-  Onboard party
-  Launching test of lifeboat
-  Meeting of engine department
-  Meeting of Chief Officer and Foreman
-  The main engine of M. V. Asahi Maru
-  Second Officer informs the vessel position
-  Discharging of coal
-  Loading of coal
-  Summer time in North Pacific Ocean
-  Pilot
-  Confirmation of Chief Officer
Filipinos are known for their festive way of celebrating special occasions, may it be Christmas, Birthdays, New Year and more. In the spirit of keeping up with the tradition as well as providing the Filipino seafarers on board a homey feeling even though they’re away from home, occasional party is being held on board. Lechon or Roast Pork has always been the light of the party for every Filipino crew on board the vessel. The dish features a whole roasted HYPERLINK "http://en.wikipedia.org/wiki/Pig" \o "Pig" pig, cooked in HYPERLINK "http://en.wikipedia.org/wiki/Charcoal" \o "Charcoal" charcoal for 5 hours above the half-cut drum can is the "Star" of the table. The ears are served to the elder crew with due respect as a lucky charm. Seventeen (17) crew out of twenty-one (21) had attended the party, as four (4) crew are on duty for the day and the next day, but of course, they were treated after their off duty.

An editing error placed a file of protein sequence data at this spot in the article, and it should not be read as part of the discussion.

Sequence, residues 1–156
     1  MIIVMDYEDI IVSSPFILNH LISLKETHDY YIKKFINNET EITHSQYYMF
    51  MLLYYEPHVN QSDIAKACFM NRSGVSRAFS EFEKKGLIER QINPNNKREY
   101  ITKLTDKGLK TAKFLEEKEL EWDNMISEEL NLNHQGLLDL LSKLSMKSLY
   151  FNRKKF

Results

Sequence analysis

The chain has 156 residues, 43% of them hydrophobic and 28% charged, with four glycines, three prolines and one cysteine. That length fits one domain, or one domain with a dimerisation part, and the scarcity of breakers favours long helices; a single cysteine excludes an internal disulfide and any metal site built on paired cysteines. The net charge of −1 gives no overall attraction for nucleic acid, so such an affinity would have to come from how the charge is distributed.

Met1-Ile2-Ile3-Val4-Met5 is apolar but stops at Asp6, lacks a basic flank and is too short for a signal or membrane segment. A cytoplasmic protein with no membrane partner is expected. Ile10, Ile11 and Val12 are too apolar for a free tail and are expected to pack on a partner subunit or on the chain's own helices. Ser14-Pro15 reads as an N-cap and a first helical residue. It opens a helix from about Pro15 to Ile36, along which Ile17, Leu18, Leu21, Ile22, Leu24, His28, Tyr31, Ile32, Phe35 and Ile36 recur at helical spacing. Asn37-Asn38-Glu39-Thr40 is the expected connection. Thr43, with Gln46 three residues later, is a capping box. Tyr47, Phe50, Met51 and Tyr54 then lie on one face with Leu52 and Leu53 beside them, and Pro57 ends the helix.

In compliance with International Convention for the Safety of Life at Sea (SOLAS) regulation, lifeboat must be launched in the water once every three months to ensure ships crew are confident to use in case of emergency and that life saving appliances are seaworthy. In the event of a disaster aboard the ship, life boat provides a means of emergency evacuation for a maximum capacity of 29 crew. Lifeboats are usually equipped with flares and/ or mirrors for signaling, several days' worth of food and water, basic first aid supplies. Some lifeboats are even more capably equipped to permit self-rescue; containing such supplies as a radio, an engine and/ or sail, heater, basic navigational equipment, solar water stills, rainwater catchments and HYPERLINK "http://en.wikipedia.org/wiki/Fishing" \o "Fishing" fishing equipment. The orange color of lifeboat and its code indicators written in big letters shows up best against blue and grey water, therefore, it is easy to be identified by rescue aircraft.
The First Engineer is second in command of the engine department after the ship's Chief Engineer. The person holding this position is typically the busiest engineer aboard the ship, due to the supervisory role this engineer plays and the operations duties performed. For that reason, he is responsible to chair a daily meeting of engine department; a venue to discuss the things to be done on the day and as well the specific instruction on job distribution among the engine crew members. Usually the daily working plan is written on the white board. It makes good team work to know each other’s duty every day.